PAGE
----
Review decision date: February 2014

Review decision: 

Following consultation with stakeholders this guideline has now been placed on the static list.

Next review date: TBC

This guideline applies to children younger than 5 years who present to a healthcare professional for advice in any setting. It covers diagnosis, assessment of dehydration, fluid management, nutritional management and the role of antibiotics and other therapies. It provides recommendations on the advice to be given to parents and carers, and also considers when care should be escalated - from home management through to hospital admission.

This guideline was previously called diarrhoea and vomiting in children: diarrhoea and vomiting caused by gastroenteritis: diagnosis, assessment and management in children younger than 5 years

The guideline will assume that prescribers will use a drug's summary of product characteristics to inform their decisions for individual patients.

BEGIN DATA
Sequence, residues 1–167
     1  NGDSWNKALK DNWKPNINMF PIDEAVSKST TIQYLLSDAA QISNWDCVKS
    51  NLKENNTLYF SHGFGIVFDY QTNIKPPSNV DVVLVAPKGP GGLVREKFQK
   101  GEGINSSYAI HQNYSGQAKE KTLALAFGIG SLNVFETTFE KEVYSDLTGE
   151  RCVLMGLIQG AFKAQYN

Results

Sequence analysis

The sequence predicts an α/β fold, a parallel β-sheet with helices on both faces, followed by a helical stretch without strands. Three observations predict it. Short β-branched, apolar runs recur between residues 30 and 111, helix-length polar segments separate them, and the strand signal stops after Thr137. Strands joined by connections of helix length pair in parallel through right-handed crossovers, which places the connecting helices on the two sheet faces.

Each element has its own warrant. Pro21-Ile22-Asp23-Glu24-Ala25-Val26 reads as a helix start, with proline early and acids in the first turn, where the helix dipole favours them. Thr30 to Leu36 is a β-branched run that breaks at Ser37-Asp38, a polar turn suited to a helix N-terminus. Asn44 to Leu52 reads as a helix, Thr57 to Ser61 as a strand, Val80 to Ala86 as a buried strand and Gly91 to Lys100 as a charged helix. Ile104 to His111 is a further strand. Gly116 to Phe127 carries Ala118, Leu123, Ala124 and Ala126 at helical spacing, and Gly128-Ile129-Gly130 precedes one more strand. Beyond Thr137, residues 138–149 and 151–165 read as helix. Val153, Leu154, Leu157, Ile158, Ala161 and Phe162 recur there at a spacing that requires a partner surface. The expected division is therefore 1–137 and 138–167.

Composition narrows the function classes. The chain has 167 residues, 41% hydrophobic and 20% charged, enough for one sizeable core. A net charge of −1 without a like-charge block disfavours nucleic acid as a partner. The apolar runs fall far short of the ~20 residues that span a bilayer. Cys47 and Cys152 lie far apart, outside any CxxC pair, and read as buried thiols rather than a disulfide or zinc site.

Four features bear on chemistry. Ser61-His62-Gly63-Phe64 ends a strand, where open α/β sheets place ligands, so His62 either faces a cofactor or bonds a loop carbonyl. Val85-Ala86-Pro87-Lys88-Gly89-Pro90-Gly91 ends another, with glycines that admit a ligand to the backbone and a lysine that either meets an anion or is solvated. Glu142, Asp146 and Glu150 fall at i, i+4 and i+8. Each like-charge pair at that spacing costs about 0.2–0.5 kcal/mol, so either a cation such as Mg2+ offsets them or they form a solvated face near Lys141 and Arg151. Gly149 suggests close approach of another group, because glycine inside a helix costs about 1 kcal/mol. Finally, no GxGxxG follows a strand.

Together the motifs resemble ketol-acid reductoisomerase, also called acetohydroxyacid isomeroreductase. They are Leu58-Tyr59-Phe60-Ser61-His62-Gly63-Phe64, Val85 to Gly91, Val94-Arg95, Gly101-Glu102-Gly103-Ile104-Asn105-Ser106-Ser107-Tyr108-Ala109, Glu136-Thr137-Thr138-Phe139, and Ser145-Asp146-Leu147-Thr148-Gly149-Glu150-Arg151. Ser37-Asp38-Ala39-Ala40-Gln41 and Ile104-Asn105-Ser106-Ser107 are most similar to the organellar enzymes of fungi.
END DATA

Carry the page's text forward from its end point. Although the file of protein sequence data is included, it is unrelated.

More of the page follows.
February 2011

Please note that an amended version of the information for the public document (originally published in April 2010) is now available. This version enhances the advice to parents and carers relating to action required when a child has bilious (green) vomit.

Your responsibility

The recommendations in this guideline represent the view of NICE, arrived at after careful consideration of the evidence available. When exercising their judgement, professionals are expected to take this guideline fully into account, alongside the individual needs, preferences and values of their patients or service users. The application of the recommendations in this guideline is not mandatory and the guideline does not override the responsibility of healthcare professionals to make decisions appropriate to the circumstances of the individual patient, in consultation with the patient and/or their carer or guardian.

Local commissioners and/or providers have a responsibility to enable the guideline to be applied when individual health professionals and their patients or service users wish to use it. They should do so in the context of local and national priorities for funding and developing services, and in light of their duties to have due regard to the need to eliminate unlawful discrimination, to advance equality of opportunity and to reduce health inequalities. Nothing in this guideline should be interpreted in a way that would be inconsistent with compliance with those duties.

  • National Institute for Health and Care Excellence (NICE) accreditation logo